September 16, 2014

Buried in the misleading editorial, "Needed: Honest partners in pension reform," by the U-T San Diego Editorial Board, is the fact that the State Controller's Office (SCO) "did not identify pension spiking" among the dozen public agencies included in the review of the California Public Employees' Retirement System (CalPERS).

The review recommended no material changes to the Pension Fund's efforts to audit agencies for pension spiking and acknowledged CalPERS had effective processes in place to recoup overpayments.

CalPERS Board and staff take seriously their accountability to monitor compliance of contracting agencies and as such have significantly increased audit staff, doubled the number of audits of contracting agencies, and provided comprehensive education for employers by offering more than 600 training courses last year.

In addition, CalPERS has procedures in place to review compensation of active employees for pay increases and inappropriate reporting by employers, and specifically targets public agencies that have highly paid employees with reported earnings exceeding $245,000 annually in an effort to optimize its review of agencies.

CalPERS is also developing an innovative business intelligence program that will utilize technology and data analytics to identify membership and payroll reporting anomalies across its membership. This will allow the Pension Fund to focus its auditing efforts on contracting agencies most at risk for reporting errors.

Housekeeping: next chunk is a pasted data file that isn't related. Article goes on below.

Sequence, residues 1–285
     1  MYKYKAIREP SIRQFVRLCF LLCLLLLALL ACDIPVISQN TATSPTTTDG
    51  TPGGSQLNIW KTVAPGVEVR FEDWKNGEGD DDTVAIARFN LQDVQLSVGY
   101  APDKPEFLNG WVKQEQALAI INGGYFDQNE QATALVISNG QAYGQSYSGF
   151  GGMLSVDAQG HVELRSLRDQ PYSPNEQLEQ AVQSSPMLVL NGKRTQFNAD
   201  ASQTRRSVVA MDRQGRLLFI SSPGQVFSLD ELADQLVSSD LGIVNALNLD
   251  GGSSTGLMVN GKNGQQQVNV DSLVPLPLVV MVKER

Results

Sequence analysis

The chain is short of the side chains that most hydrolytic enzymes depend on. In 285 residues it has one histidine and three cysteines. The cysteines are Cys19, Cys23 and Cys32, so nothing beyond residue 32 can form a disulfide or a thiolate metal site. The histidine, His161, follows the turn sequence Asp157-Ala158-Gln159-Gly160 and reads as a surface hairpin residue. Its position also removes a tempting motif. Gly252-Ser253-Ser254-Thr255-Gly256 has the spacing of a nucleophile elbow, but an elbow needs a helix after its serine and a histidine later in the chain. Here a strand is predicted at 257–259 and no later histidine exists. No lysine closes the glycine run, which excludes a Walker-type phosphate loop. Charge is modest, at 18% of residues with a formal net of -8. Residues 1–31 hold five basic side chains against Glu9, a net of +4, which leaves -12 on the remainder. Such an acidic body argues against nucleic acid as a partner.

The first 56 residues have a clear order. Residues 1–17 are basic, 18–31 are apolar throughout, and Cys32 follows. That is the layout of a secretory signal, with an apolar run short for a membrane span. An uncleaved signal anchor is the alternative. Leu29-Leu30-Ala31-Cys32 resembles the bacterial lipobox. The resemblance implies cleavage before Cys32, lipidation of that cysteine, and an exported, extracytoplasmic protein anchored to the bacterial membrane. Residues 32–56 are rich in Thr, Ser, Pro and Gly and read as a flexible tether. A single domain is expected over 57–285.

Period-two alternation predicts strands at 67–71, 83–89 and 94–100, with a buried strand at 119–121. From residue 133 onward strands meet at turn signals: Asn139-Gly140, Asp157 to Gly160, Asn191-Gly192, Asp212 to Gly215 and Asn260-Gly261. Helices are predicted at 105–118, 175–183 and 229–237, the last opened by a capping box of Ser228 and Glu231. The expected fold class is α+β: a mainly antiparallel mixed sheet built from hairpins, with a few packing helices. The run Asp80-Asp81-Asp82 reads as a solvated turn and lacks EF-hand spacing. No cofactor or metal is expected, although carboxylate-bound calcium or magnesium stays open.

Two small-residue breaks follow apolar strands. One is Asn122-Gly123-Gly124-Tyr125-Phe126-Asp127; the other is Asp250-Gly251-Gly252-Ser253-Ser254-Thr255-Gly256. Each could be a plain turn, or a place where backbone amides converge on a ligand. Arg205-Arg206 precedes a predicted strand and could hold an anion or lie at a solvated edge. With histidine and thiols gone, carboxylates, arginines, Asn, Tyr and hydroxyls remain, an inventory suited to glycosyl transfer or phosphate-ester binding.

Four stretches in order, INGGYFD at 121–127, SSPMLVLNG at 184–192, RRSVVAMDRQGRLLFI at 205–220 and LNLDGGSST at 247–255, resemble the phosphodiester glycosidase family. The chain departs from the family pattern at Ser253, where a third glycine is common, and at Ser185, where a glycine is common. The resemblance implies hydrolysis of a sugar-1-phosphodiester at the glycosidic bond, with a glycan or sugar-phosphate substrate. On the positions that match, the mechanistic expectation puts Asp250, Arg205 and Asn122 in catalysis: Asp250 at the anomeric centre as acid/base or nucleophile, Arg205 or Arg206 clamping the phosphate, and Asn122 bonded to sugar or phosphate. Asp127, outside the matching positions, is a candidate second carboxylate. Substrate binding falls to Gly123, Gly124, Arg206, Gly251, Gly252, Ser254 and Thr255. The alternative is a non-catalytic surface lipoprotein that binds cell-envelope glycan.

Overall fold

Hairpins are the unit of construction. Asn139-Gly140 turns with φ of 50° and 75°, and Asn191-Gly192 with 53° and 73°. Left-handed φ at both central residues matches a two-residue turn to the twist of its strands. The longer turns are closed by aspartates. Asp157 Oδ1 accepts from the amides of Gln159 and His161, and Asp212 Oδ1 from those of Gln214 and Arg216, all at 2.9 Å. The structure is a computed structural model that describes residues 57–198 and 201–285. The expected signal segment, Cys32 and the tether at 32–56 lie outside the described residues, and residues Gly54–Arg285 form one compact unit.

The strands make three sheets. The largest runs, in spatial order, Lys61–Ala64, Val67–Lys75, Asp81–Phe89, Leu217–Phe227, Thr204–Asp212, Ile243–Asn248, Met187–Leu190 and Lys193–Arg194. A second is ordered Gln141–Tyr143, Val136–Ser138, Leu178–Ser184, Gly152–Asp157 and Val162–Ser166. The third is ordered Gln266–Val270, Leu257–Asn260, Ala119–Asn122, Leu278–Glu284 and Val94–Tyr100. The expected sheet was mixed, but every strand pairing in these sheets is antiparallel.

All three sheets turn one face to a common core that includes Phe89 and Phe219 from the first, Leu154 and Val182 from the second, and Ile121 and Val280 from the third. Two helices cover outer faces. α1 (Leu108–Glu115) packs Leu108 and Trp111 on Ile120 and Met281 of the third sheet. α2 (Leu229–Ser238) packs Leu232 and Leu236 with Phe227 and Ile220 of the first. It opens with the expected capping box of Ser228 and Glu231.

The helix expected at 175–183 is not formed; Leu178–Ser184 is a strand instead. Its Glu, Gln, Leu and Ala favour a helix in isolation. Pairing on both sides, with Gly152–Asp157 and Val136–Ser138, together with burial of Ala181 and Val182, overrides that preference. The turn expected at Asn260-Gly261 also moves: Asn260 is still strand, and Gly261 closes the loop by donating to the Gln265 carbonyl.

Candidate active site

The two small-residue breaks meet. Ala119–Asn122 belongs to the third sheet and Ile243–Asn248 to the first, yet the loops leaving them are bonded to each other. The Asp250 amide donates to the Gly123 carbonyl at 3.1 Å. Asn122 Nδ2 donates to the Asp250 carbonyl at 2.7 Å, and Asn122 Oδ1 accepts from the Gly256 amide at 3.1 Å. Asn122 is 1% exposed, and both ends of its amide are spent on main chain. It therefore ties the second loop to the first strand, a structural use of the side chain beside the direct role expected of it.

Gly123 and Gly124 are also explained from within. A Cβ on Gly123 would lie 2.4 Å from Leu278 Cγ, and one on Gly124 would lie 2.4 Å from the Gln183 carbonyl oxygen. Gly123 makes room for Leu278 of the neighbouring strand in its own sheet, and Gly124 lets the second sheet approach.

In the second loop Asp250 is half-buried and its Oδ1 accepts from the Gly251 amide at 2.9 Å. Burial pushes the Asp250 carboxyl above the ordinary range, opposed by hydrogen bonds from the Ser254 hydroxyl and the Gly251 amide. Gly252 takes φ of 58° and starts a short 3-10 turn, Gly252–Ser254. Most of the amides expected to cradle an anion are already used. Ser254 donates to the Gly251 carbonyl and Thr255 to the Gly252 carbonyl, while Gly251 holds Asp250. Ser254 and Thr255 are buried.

And for the record, CalPERS didn't add 99 types of pay that could be counted toward a pension. They have been used by employers since 1993 and were not excluded under the Governor's pension reform law. The Governor sent CalPERS a letter saying that our proposed regulations "are largely consistent" with the purposes of the Pension Reform Act.

There is not another agency that is more transparent than CalPERS, as it conducts its business in an open and public forum, in house, and through live webcasts of proceedings. Board decisions are made with care and consideration of how they will impact all members and the communities that depend on them for vital services. Now that's a fact worth reporting.

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